Shetland 2022

Mark Finn
June 11-18

This was our annual spring tour to the Shetland Islands which is low on bird numbers but high in quality. The group observed the important breeding birds of the islands including Great and Arctic Skuas, European Storm Petrels and Red-necked Phalaropes. In addition to these species a good range of Shetland’s other breeding birds made for a memorable birding tour.

The following trip report should bring back good memories of an exceptional tour with great company all round. The next tours to Shetland are this coming October and June 2023.

June 11th: Lerwick, Loch of Tingwall, Walls, Melby, Norby, Voe, Hillswick
Daily 42 New 42 Running 42
Weather: Rain showers through the day on a SW wind 10c-14c

Today was to be a challenging one regarding the weather conditions resulting from the tail end of a tropical storm. Our tour started in Lerwick the main town on Shetland with a visit to a loch. It was mainly quiet here with sightings of Tufted Duck, Whimbrel, Arctic Tern and a singing Common Chiffchaff from nearby gardens. Next on the agenda was Loch of Tingwall with the entrance field having a pair of Whooper Swans feeding in a grass field. On the loch itself several Barn Swallows, Common Merganser, Mallard and third year Greater Black-backed Gulls. It was time to embark on the circular tour centred in Walls. The lunch stop was productive for close views of Lesser Black-backed Gulls, Black Guillemot, Common Redshank and a pair of Rock Pipits. A small pool added Dunlin, Ringed Plover and European Golden Plovers before arriving at the hamlet of Melby. The seaweed strewn beach attracted late migrants including Dunlin, Ringed Plover, Ruddy Turnstone and Sanderling which were then harassed by a Great Skua. On the road to Norby a pair of Twite kept us entertained as they fed on roadside plants. Norby itself had a male Common Otter and on a nearby island several Great Cormorants. The journey to Voe was uneventful until two Red-throated Divers were seen on a loch. The weather started to get bad again as we arrived at Hillswick base for three nights.
Mammals: Common Otter (1) North Atlantic Grey Seal (5)

June 12th: Hillswick, Yell, Unst including Uyeasound, Haroldswick, Valyie, Skaw, Belmont
Daily 44 New 12 Running 54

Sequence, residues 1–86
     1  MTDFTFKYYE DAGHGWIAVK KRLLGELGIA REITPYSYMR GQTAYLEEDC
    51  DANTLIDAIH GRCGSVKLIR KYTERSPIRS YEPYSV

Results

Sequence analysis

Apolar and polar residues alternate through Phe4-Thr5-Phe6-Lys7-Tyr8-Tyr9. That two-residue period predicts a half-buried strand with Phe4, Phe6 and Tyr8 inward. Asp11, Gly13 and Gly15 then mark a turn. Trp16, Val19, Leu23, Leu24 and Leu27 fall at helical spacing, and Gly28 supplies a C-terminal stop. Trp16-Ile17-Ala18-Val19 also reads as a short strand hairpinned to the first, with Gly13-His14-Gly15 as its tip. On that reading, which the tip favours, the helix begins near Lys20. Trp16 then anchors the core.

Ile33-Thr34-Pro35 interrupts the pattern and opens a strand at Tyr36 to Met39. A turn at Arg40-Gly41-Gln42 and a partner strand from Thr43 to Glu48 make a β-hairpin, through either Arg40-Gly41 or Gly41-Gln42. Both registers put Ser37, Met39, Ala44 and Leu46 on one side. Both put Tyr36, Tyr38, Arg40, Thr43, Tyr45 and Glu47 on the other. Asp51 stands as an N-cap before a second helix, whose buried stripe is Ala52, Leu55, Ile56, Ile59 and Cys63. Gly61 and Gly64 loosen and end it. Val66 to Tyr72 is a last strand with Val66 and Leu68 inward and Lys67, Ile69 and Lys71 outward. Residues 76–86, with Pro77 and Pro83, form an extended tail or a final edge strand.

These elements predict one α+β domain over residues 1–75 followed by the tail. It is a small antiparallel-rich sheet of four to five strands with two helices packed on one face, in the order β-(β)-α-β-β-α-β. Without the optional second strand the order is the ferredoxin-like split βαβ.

Weather: Rather mixed on a SW wind 13c/16c

The day started with a mix of rain and strong winds as I travelled towards Brae where I picked up supplies for the day. Our journey to the ferry terminal and across to Yell went and eventually to the most northern most outpost of Unst. On arrival in Unst the commoner species were located including Northern Gannet, European Shag and Arctic Terns. Uyeasound was our first birding stop on the island where a roadside loch attracted a pair of Mute Swans and Ringed Plovers. In a nearby marsh I located a stunning female Ruff, European Golden Plover and a perched Eurasian Skylark which gave us great views. On towards Haroldswick and Valyie the latter being a famous migrant trap. A walk along the road produced the rather uncommon Woodpigeon, Collared Dove and in the gardens at least two Willow Warblers singing and showing well. Lunch was taken at Skaw by the most northerly house in Britain where we located Pied Wagtail and the endemic race of Eurasian Wren. In the skies above Great Skuas were attacking several different birds. At the bay of Harold’s Wick a scan of the sea had European Shag, Common Guillemot, Razorbill and Atlantic Puffin plus Arctic Skuas chasing terns and other seabirds for food. The weather became poor again so I headed to the port and crossings back to base.
Mammals: Common Rabbit

June 13th: Hillswick, Fetlar
Daily 45 New 6 Running 60
Weather: Sunny spells and showers on a W wind 14c

This morning was another poor day for weather with rain and cloud arriving from the North Atlantic Ocean. After breakfast I made the now familiar journey north to Yell and then a ferry journey to Fetlar a small and depopulating island. The usual species were seen on the way and once on the island I headed towards the RSPB reserve and its hide overlooking a marsh. Birds seen included Common Snipe, Common Redshank, Northern Lapwing, Common Teal and a singing Reed Bunting. Back to the bus with Great and Arctic Skuas for company both species chasing birds for food. On the loch we located a pair of Red-throated Divers (up to 7 birds in the area) and a few Dunlins. At r the post office I purchased supplies and after a visit to the wetlands near Tresta. This area held substantial numbers of Great Skuas on the football pitch and adjoin loch. Lunch was taken near a bay where offshore waters held Black Guillemot and European Shag. On the beach and rocks a pair of Common Tern (rare in Shetland), Ringed Plover, Common Eider with three young and a female Red-necked Phalarope in flight. Further up the road a Red-throated Diver showed well on a lochan and at least two female Red-necked Phalaropes put on show feeding in the pool. Time was getting on as I visited the old airfield where the moorland attracted European Golden Plover, Eurasian Curlew with two well-grown blue-footed juveniles, Dunlin, Northern Wheatear and Meadow Pipit. The old manse had a singing Common Chiffchaff and in a field Carrion Crow a rare visitor. Final area was the ferry terminal with a pair of Rock Pipits for company. The ferry left on time for Yell and onto North Mainland where I filled up with fuel. Tomorrow we head south to Sumburgh for the penultimate leg of the tour.

June 14th: Hillswick, Eshaness, Grutness, Sumburgh Head, Scatness, Pool of Virkie
Daily 49 New 5 Running 65
Weather: Early rain easing followed by sunny spells on a W wind 15c